There is no one standing over evolution with a blue pencil to say, “Now that one, there, is absolutely ridiculous, and I won't have it.” If the creature makes it, it gets a “stet.” . . . Utility to the creature is evolution's only aesthetic consideration. Form follows function in the created world, so far as I know, and the creature that fnctions, however bizarre, survives to pepetuate its form. — Annie Dillard, A Pilgrim at Tinker Creek, ch. 8

Darwin's On the Origin of Species by Means of Natural Selection, or the Preservation of Favoured Races in the Struggle for Life, made several points that had major impact on nineteenth-century thought:

The first edition of Darwin's On the Origin of Species. [Click on thumbnail for larger image]

  1. That biological types or species do not have a fixed, static existence but exist in permanent states of change and flux;
  2. that all life, biologically considered, takes the form of a struggle to exist — more exactly, to exist and produce the greatest number of offspring;
  3. that this struggle for existence culls out those organisms less well adapted to any particular ecology and allows those better adapted to flourish — a process called Natural Selection;
  4. that natural selection, development, and evolution requires enormously long periods of time, so long, in fact, that the everyday experience of human beings provides them with no ability to interpret such histories;
  5. that the genetic variations ultimately producing increased survivability are random and not caused (as religious thinkers would have it) by God or (as Lammarck would have it) by the organism's own striving for perfection.

The effect of all these points was to move man away from the center of creation and imply that he could hardly be its crowning glory.

When you read the following passages from the first edition of Darwin's shattering book, see if you can predict what effects it might have on Victorian and later authors, and as you read them, check your guesses.

1. The struggle for existence

universal struggle for life, or more difficult — at least I have found it so — than constantly to bear this conclusion in mind. Yet unless it be thoroughly engrained in the mind I am convinced that the whole economy of nature, with every fact on distribution, rarity, abundance, extinction, and variation, will be dimly seen or quite misunderstood. We behold the fact of nature bright with gladness, we often see superabundance of food; we do not see, or we forget, that the birds which are idly singing round us mostly live on insects or seeds, and are thus constantly destroying life. . . . I use the term Struggle for Existence in a large and metaphorical sense, including dependence of one being on another, and including (which is more important) not only the life of the individual, but success in leaving progeny. . . . As more individuals are produced than can possibly survive, there must in every case be a struggle for existence, either one individual with another of the same species, or with the individuals of distinct species, or with the physical conditions of life. It is the doctrine of Malthus applied with manifold force to the whole animal and vegetable kingdoms (Chapter 3, "Struggle for Existence").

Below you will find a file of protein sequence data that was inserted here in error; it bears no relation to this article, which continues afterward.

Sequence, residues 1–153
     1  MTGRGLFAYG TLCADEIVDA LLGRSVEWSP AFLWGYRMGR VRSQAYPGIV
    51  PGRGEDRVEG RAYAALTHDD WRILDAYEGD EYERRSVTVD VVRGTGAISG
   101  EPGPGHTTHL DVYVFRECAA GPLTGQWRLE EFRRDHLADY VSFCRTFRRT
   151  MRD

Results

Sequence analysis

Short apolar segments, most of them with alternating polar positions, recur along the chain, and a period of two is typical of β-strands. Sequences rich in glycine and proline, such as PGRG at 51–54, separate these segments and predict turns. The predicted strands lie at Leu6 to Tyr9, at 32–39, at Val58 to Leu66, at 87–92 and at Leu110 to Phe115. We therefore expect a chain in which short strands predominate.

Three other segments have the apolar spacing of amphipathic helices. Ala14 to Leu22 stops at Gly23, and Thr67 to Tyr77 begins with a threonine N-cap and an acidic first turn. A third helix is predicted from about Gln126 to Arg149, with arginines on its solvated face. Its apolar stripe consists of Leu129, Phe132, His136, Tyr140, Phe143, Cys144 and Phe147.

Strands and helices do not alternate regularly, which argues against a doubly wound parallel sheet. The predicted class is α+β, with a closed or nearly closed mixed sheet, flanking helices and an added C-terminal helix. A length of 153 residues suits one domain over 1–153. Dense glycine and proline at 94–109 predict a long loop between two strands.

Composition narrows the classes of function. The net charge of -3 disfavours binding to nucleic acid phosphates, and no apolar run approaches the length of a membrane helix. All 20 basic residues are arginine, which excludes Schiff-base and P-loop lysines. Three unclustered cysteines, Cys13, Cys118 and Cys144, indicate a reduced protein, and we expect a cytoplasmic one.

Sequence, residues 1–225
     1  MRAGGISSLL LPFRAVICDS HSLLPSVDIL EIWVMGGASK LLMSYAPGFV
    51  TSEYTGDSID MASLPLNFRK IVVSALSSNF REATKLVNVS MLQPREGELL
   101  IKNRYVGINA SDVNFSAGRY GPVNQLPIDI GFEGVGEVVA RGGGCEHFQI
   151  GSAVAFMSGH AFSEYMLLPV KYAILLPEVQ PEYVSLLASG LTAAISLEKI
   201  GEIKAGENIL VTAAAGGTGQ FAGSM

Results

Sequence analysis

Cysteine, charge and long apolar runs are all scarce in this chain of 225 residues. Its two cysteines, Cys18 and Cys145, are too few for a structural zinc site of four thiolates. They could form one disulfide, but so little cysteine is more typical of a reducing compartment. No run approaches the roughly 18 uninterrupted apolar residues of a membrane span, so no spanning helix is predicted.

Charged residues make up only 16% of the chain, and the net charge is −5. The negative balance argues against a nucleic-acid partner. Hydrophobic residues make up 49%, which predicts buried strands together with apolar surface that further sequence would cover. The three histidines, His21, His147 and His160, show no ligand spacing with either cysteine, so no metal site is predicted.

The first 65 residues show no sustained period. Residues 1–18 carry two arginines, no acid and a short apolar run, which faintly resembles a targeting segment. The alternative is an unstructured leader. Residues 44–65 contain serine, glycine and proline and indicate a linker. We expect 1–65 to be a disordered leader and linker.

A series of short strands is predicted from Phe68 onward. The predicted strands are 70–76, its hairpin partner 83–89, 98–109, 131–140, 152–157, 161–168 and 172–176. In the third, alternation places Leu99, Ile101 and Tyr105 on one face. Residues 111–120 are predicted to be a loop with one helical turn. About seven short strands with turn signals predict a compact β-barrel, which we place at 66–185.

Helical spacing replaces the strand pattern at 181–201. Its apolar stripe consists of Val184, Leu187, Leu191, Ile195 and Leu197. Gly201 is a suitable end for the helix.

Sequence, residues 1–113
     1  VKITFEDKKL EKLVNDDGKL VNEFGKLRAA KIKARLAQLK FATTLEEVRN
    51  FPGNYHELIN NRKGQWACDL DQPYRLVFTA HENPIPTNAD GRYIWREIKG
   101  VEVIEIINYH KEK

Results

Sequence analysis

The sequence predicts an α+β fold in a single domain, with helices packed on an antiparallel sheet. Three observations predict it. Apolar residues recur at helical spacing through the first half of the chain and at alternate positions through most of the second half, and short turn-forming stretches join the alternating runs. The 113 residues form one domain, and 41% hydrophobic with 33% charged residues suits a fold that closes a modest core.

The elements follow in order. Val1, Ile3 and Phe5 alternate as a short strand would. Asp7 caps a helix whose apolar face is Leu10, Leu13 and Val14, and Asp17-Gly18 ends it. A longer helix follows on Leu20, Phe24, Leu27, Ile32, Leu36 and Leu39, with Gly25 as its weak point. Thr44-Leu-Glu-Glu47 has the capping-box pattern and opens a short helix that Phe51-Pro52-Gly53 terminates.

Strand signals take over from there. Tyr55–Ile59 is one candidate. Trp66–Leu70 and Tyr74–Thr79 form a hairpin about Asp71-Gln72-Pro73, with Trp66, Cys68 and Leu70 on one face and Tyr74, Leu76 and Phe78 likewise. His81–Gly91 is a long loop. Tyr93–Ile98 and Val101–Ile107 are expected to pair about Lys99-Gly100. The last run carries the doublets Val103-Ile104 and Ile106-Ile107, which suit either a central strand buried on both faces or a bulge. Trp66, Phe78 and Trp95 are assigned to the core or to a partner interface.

2. Darwin's emphasis upon abundance (and his use of metaphor)

In looking at Nature, it is most necessary to keep the foregoing considerations always in mind — never to forget that every single organic being around us may be said to be striving to the utmost to increase in numbers; that each lives by a struggle at some period of its life; that heavy destruction inevitably falls either on the young or old, during each generation or at recurrent intervals. Lighten any check, mitigate the destruction ever so little, and the number of the species will almost instantaneously increase to any amount. The face of Nature may be compared to a yielding surface, with ten thousand sharp wedges packed close together and driven inwards by incessant blows, sometimes one wedge being struck, and then another with greater force (Chapter 3).

3. (A) Adaptation for survival; (B) Relation in opposition

The structure of every organic being is related, in the most essential yet often hidden manner, to that of all other organic beings, with which it comes into competition for food or residence, or from which it has to escape, or on which it preys. This is obvious in the structure of the teeth and talons of the tiger; and in that of the legs and claws of the parasite which clings to the hair on the tiger's body. But in the beautifully plumed seed of the dandelion, and in the flattened and fringed legs of the water-beetle, the relation seems at first confined to the elements of air and water. Yet the advantage of plumed seeds no doubt stands in the closest relation to the land being already thickly clothed by other plants; so that the seeds may be widely distributed and fall on unoccupied ground. In the water-beetle, the structure of its legs, so well adapted for diving, allows it to compete with other aquatic insects, to hunt for its own prey, and to escape serving as prey to other animals (Chapter 3).

Created c. 1992

last modified 14 January 2020